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This blog is part of a series on Microsoft’s BI and Analytics tools from Greg Decker, Vice President at a global IT services firm who leads a practice specializing in Microsoft technologies such as Dynamics 365, Power BI, and Azure. Greg is a Microsoft MVP for Data Platform. He is the author of five books on analytics and Microsoft Power BI. Follow Greg on LinkedIn, Twitter and on GregDeckler.com.
Power BI is a powerful business intelligence tool that allows users to connect to various data sources, visualize and analyze data, and create interactive reports. It also enables them to share content such as datasets, reports, dashboards, and scorecards. One of the key features of Power BI is the ability to import data into the tool for analysis, or use DirectQuery to connect directly to live data sources without the need to import data into a separate data model or dataset.
If you have worked with Power BI for any length of time, you are probably already aware of these two primary storage modes, import and DirectQuery. Yes, there is also live connections, but this is really a kind of special case that works similar to DirectQuery. The fourth mode, dual, is simply a model that contains both import and DirectQuery tables. But what are the advantages and disadvantages in using Power BI DirectQuery vs. import mode?
To quickly review, import mode means that data is imported into Power BI. It’s moved from source systems into a tabular data model stored within a Power BI Desktop file (PBIX). Import mode can be visualized as follows:
When users interact with an import mode report, the local tabular data model is queried directly. This enables fast performance for data retrieval and measuring calculations. However, import mode datasets require that data from source systems are refreshed at set intervals such as every day or every hour.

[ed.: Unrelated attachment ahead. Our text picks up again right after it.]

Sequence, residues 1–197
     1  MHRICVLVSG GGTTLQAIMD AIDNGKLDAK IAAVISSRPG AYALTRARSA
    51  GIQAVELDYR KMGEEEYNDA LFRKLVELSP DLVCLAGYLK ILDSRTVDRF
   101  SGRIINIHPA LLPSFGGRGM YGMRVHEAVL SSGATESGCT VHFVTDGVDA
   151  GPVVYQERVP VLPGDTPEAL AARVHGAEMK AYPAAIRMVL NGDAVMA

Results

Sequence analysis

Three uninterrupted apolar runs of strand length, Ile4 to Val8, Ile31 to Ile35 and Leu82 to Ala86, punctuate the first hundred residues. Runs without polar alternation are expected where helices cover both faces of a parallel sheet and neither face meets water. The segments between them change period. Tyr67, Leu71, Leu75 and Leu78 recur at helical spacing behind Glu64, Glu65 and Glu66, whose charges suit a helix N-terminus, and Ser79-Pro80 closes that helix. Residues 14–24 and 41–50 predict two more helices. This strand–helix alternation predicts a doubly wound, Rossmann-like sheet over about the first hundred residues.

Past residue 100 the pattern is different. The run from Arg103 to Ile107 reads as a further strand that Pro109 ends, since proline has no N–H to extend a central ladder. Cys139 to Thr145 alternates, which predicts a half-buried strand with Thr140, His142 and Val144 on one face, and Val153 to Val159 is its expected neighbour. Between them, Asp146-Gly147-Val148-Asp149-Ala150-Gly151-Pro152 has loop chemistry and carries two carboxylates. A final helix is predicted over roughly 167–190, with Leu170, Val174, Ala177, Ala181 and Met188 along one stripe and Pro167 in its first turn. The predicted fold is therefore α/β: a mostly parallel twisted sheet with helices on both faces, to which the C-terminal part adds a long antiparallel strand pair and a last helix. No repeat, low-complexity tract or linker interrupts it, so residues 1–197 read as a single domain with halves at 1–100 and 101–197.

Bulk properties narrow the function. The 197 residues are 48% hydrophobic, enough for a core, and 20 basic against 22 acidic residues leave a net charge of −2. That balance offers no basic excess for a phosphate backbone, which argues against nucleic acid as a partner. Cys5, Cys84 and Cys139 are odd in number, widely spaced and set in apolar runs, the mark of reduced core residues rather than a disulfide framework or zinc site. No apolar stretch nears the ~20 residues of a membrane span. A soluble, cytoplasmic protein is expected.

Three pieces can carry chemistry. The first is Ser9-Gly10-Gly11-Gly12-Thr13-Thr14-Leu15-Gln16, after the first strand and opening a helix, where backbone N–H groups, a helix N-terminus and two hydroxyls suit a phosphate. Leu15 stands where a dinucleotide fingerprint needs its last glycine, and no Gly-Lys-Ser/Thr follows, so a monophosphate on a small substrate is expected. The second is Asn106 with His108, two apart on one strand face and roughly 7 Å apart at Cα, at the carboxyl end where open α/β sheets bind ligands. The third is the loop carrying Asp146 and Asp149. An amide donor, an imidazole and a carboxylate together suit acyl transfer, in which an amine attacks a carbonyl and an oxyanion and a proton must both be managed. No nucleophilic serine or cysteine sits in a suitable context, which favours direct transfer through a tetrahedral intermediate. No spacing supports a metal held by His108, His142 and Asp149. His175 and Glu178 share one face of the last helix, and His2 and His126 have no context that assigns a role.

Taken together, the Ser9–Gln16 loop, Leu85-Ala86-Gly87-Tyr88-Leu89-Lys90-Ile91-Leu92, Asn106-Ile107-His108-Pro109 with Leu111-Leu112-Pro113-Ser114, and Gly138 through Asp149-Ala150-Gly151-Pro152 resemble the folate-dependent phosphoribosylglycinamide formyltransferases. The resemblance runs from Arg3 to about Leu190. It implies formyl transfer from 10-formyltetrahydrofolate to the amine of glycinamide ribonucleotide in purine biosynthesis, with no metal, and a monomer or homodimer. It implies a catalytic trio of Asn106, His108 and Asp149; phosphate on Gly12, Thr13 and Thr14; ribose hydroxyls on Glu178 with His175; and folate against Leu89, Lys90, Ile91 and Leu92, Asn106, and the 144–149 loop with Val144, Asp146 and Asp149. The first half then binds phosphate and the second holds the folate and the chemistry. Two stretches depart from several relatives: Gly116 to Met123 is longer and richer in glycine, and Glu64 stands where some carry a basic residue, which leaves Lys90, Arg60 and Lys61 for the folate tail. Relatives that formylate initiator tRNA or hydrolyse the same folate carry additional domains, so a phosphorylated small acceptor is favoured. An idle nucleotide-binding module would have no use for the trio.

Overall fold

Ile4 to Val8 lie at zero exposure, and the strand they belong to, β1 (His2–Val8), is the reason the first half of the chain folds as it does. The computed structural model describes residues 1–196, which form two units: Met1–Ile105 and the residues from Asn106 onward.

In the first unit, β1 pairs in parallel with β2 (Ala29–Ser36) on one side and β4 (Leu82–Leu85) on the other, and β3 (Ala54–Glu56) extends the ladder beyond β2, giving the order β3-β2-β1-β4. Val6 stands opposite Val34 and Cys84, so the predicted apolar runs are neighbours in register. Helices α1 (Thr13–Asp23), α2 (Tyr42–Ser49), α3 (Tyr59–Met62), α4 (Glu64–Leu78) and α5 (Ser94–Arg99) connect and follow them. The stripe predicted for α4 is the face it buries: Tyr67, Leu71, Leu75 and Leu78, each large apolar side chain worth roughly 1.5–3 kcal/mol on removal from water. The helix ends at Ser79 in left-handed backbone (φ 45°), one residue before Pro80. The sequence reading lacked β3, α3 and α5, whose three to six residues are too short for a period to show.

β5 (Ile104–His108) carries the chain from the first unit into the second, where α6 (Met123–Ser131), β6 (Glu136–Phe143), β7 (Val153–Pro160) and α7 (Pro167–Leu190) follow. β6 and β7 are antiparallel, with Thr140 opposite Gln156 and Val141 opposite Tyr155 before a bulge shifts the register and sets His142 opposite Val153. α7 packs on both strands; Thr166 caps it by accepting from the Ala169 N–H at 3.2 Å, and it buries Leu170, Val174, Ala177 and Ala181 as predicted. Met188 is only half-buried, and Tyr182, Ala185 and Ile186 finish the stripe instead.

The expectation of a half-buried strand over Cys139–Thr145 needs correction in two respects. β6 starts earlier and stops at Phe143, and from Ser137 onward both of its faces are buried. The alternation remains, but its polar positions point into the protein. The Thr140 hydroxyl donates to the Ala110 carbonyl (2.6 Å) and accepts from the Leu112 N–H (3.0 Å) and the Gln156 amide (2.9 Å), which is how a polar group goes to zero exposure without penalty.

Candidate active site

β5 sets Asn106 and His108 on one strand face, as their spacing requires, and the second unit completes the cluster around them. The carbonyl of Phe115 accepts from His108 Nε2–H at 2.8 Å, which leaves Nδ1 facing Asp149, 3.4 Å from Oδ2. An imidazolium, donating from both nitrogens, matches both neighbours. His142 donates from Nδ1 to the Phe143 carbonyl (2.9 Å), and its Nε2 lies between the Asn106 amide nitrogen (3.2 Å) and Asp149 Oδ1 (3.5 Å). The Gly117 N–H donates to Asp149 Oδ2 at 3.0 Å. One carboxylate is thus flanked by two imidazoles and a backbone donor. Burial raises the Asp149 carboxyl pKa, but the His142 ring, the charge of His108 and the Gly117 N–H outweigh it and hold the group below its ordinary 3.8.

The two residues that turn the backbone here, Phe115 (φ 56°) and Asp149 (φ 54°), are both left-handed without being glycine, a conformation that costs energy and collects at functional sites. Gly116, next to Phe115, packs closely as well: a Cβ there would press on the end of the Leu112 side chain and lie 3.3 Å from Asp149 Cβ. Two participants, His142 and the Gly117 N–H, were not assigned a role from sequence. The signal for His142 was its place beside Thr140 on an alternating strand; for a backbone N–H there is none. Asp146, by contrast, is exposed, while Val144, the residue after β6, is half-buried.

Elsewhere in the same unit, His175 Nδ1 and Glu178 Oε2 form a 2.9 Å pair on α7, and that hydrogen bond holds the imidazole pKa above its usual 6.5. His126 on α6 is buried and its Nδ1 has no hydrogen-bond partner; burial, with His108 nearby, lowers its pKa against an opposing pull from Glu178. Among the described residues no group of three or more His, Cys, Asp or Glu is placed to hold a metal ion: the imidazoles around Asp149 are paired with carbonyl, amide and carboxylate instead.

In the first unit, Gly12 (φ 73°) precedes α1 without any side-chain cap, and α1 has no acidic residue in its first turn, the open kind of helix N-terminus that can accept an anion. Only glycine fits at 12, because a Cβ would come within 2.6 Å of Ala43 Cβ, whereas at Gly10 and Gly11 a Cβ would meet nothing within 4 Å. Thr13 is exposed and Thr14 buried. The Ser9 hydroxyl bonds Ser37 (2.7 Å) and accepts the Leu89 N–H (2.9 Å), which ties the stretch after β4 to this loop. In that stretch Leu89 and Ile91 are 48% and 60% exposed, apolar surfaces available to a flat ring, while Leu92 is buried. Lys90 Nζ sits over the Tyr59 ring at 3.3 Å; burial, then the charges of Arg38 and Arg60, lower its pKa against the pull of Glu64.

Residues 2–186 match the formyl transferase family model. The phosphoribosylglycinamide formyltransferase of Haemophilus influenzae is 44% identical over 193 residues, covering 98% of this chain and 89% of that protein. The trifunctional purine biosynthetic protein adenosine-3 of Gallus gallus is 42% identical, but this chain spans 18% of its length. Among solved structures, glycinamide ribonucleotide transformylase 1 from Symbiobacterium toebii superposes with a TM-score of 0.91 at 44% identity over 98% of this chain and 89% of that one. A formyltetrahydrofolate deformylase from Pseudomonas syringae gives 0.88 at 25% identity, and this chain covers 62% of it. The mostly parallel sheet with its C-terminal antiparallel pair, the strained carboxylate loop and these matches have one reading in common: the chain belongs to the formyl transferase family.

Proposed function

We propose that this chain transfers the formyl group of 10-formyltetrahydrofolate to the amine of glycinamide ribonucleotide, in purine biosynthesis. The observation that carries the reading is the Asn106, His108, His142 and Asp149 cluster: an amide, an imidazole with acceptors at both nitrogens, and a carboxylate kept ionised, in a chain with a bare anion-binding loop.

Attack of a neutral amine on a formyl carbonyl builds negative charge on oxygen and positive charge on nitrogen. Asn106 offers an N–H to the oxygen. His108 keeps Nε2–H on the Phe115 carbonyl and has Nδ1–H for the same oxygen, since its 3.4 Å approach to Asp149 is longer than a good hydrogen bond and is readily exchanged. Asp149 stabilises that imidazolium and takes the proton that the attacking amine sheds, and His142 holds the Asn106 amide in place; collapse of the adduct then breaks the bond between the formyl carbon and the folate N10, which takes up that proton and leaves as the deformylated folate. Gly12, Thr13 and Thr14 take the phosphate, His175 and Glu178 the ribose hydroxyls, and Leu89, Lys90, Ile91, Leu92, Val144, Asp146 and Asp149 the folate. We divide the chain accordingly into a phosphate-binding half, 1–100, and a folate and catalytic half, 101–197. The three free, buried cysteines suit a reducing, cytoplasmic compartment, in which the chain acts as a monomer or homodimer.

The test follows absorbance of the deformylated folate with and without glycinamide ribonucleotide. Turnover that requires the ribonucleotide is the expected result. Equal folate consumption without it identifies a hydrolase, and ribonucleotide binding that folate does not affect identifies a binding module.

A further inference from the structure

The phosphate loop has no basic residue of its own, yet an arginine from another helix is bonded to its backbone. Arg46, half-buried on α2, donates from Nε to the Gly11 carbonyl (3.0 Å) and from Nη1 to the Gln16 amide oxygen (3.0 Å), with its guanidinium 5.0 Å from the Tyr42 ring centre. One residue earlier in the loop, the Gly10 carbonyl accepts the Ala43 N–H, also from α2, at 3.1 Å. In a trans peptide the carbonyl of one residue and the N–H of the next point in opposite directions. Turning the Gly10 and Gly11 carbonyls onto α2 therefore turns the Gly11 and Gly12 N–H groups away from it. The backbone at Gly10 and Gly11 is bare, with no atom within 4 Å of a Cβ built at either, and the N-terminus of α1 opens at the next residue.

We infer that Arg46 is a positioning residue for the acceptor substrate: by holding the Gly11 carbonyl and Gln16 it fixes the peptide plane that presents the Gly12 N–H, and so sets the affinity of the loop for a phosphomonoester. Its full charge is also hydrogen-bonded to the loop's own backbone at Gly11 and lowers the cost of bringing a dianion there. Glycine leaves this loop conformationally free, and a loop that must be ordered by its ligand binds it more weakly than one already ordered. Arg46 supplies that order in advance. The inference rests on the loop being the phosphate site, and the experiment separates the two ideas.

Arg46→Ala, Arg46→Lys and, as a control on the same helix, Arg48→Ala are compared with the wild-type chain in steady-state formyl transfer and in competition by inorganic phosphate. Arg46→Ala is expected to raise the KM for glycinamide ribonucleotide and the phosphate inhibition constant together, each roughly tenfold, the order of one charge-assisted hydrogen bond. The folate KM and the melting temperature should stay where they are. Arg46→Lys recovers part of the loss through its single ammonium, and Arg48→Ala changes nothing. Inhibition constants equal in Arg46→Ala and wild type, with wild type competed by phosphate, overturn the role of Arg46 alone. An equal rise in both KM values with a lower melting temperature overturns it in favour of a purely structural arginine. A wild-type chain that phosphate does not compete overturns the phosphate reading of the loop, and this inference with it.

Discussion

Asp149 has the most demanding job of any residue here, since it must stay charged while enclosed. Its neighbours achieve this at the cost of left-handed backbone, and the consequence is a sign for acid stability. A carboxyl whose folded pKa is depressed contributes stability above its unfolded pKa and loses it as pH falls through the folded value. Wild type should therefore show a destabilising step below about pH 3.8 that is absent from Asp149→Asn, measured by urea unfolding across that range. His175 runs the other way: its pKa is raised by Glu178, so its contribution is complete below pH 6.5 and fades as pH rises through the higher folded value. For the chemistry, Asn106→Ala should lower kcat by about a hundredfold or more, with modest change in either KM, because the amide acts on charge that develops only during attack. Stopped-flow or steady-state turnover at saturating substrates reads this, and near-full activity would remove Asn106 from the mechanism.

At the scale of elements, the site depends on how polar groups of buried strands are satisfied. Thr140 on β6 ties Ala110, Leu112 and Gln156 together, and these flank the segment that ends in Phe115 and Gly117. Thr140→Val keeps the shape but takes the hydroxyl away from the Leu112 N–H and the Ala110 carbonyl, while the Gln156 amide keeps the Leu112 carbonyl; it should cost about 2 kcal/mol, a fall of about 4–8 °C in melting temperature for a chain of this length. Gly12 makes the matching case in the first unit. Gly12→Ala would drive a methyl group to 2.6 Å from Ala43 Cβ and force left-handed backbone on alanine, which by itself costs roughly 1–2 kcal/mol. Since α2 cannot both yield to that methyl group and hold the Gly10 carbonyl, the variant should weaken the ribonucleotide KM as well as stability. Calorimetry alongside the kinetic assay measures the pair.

Conversely, with DirectQuery, the data remains within the source systems. When users interact with a report built using DirectQuery, Power BI dynamically retrieves data from the source system(s), translating the data queries into native source system queries, such as SQL queries. DirectQuery can be visualized as follows:
If you have been around long enough, you probably recognize certain parallels between import, DirectQuery, dual storage modes, and the different modes of On-Line Analytical Processing (OLAP), multidimensional processing (MOLAP), relational processing (ROLAP), and hybrid processing (HOLAP). In fact, all that has changed is a move from multidimensional cubes to tabular cubes. There’s also a direct correlation with:
- Import ~ MOLAP
- DirectQuery ~ ROLAP
- Dual ~ HOLAP
Power BI Direct Query vs. Import Mode: The Perks
In theory, leaving the data within source systems — or within a single “golden” dataset — and having multiple reports connect using DirectQuery sounds like a great idea.
First, there is no need for scheduled data refreshes since DirectQuery always brings back the latest data. This means that DirectQuery allows you to work with data in near real-time.
Second, since the data stays within source systems or a single dataset, storage costs are decreased (as duplicate copies of data are not created). This also aids in data governance and security.